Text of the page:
South Korea says North Korea still needs to prove critical missile technology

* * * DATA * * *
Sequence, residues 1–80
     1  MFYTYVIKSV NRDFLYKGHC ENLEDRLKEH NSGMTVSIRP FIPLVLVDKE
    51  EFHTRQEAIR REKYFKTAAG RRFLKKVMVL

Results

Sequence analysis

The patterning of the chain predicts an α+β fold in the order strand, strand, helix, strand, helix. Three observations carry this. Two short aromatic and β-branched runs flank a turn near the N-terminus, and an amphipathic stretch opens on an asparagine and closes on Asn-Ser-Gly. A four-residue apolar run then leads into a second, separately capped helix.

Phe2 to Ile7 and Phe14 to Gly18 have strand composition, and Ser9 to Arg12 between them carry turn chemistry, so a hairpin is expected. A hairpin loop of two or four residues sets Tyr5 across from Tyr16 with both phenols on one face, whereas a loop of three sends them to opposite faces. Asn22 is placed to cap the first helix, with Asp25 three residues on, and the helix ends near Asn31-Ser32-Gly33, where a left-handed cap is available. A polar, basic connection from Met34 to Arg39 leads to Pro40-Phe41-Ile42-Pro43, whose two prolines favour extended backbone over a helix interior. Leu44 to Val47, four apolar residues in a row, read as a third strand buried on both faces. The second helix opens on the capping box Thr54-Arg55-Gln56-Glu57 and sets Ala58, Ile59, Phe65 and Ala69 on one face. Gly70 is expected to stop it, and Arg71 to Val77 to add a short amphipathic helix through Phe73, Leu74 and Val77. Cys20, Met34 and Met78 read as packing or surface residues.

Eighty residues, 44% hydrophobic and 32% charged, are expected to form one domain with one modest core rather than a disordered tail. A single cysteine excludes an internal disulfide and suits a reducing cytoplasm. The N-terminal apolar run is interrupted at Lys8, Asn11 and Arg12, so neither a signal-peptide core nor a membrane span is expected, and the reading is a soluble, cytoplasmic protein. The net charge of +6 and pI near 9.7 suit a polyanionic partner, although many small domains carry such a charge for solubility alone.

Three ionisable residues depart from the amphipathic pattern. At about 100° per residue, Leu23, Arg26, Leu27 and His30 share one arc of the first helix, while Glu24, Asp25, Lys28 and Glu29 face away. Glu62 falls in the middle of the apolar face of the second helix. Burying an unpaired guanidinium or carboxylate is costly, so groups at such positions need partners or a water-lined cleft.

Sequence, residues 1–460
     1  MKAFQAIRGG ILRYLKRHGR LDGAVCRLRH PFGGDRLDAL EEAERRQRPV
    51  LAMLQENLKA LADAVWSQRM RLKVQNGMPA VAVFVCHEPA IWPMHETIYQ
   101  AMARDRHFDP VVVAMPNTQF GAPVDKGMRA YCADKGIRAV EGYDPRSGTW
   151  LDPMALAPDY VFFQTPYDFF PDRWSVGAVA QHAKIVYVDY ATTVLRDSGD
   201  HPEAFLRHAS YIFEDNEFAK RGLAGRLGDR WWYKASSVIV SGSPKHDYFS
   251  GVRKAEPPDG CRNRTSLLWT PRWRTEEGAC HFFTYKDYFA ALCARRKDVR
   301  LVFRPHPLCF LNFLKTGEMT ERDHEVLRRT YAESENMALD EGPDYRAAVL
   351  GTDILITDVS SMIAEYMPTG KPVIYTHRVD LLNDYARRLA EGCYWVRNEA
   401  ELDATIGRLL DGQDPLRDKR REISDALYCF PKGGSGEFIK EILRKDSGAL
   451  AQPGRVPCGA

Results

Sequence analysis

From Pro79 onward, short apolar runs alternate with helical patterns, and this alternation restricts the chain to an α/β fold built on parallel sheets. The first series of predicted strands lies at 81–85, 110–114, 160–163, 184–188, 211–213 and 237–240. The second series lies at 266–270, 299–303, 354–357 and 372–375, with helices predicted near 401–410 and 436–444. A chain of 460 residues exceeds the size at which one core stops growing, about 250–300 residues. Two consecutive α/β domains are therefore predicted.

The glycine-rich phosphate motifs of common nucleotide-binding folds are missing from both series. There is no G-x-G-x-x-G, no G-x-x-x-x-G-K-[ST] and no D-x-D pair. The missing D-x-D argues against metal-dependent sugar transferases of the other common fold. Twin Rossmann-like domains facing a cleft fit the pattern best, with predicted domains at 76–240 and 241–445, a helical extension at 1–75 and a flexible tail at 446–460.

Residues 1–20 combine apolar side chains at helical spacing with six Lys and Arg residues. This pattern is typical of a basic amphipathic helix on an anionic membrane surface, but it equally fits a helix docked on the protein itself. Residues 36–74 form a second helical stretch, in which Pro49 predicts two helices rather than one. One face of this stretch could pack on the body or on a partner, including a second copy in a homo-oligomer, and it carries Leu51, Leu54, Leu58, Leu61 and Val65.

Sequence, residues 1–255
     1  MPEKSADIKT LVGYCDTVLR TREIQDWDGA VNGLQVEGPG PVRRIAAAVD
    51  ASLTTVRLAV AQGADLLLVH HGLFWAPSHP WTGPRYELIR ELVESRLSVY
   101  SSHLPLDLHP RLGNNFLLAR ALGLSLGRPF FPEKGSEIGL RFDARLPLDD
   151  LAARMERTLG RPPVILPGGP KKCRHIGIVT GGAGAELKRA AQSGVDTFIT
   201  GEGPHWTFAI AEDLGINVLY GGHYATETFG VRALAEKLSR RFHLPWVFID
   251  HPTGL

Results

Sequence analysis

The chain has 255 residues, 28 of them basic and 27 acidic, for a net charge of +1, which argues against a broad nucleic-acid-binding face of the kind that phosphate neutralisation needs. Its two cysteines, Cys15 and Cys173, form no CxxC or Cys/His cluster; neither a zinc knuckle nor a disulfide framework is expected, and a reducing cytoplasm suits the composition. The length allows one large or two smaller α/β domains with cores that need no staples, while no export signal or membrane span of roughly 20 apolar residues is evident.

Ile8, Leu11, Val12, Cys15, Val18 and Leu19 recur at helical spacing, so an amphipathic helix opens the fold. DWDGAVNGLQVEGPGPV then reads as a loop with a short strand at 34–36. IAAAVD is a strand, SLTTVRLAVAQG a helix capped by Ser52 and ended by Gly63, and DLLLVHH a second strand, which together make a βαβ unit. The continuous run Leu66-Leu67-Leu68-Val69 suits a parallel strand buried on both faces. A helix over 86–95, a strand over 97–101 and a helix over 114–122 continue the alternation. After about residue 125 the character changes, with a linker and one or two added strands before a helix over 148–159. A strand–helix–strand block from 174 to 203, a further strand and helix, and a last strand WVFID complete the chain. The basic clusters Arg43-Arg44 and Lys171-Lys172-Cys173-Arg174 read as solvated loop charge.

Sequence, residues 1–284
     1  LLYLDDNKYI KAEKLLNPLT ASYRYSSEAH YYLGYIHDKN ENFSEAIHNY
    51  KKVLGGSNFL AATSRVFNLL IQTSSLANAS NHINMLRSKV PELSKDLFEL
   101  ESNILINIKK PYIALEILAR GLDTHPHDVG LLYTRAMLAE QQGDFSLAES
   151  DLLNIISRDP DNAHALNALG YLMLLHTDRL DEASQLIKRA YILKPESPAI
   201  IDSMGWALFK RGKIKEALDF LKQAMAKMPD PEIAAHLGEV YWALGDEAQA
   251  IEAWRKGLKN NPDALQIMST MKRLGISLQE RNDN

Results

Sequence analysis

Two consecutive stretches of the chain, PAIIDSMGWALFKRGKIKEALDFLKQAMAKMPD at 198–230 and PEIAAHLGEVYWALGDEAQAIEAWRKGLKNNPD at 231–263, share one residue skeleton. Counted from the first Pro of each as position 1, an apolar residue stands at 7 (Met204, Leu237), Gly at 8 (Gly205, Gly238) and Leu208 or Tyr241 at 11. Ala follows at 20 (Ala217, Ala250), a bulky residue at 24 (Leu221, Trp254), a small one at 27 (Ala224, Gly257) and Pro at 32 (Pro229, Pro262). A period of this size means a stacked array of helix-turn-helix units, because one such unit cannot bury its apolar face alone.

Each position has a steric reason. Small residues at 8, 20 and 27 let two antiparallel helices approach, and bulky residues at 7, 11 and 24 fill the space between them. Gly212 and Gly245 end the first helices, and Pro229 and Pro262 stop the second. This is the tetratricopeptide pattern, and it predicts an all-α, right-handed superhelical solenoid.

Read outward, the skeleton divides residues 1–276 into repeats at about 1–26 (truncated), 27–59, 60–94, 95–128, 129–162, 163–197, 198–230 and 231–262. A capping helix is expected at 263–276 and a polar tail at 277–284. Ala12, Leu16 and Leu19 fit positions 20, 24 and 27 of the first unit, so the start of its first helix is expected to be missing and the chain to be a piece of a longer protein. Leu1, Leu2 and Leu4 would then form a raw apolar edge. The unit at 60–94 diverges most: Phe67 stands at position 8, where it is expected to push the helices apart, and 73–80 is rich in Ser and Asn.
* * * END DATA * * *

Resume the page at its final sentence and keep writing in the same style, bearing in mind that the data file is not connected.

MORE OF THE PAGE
SEOUL (Reuters) - North Korea’s latest missile test places Washington within range, but it still needs to prove critical missile technology, such as re-entry, terminal stage guidance and warhead activation, South Korea said on Friday. But South Korea said it expected Pyongyang to now pause its provocative missile testing programme, after the success of its new Hwasong-15 missile that can fly far enough to hit the US mainland. Pyongyang has said its Wednesday missile test was a “breakthrough” and leader Kim Jong Un said the country had “finally realised the great historic cause of completing the state nuclear force”. “Kim Jong Un is acting in a very calculative, clever manner,” said South Korea Defence Minister Song Young-moo. “Kim changed the launch time, direction and distance in order to display he has this great power....he will probably make a great announcement in his New Year’s Address that the North has completed its weapons programme.” South Korea’s Ministry of Defence said the Hwasong-15 missile was a new type of intercontinental ballistic missile (ICBM) which can fly over 13,000 km (8,080 miles), placing Washington within target range. However, North Korea still needs to prove some technologies, like re-entry, terminal stage guidance and warhead activation, said Yeo Suk-joo, deputy minister of defence policy at the defence ministry. South Korean President Moon Jae-in on Thursday told US President Donald Trump that despite the technical issues needed to be settled, the new missile was North Korea’s most advanced. According to an analysis by South Korea’s military, Yeo told lawmakers at a parliamentary session the first stage engine of the Hwasong-15 missile was a clustering of two engines from Hwasong-14 missiles, which are also ICBMs that were test-launched in July this year. Yeo said the Hwasong-15 is two metres (six feet) longer than the Hwasong-14, while the second-stage engine requires further analysis. In order to curb further provocations from the North, US strategic assets will continue to be rotated on and near the Korean peninsula until the Pyeongchang Winter Olympics next February, Yeo said. South Korea’s Unification Ministry said it believed that North Korea was unlikely to engage in more missile and rocket tests anytime soon due to a number of reasons, including the northern hemisphere winter season. “For now if there are no sudden changes in situation or external factors, we feel there is a high chance North Korea will refrain from engaging in provocations for a while,” said Lee Yoo-jin, deputy spokeswoman at the Unification Ministry. North Korea is known to test fewer missiles in the fourth quarter of the year as troops are called to help with harvests, while the cold temperature is a strain on its fuel supplies. This week’s missile launch was the first in 75 days. The latest provocation from the North prompted more insults from Trump, who referred to North Korea’s leader Kim Jong Un as “Little Rocket Man” and a “sick puppy”. Trump on Thursday also dismissed a Chinese diplomatic effort to rein in North Korea’s weapons programme as a failure, while Secretary of State Rex Tillerson said Beijing was doing a lot, but could do more to limit oil supplies to Pyongyang. Despite international condemnation and UN sanctions, North Korea has continued on its path towards developing a nuclear-tipped missile that could hit the United States. After North Korea released video footage and photographs of Hwasong-15, analysts have said they appeared to show the North was indeed capable of delivering a nuclear weapon anywhere in the United States and could only be two or three tests away from being combat ready. Trump and Moon pledged to continue applying strong sanctions and pressure on North Korea to bring it to talks. Addressing an emergency UN Security Council meeting after this week’s missile launch, the United States warned North Korea’s leadership it would be “utterly destroyed” if war were to break out.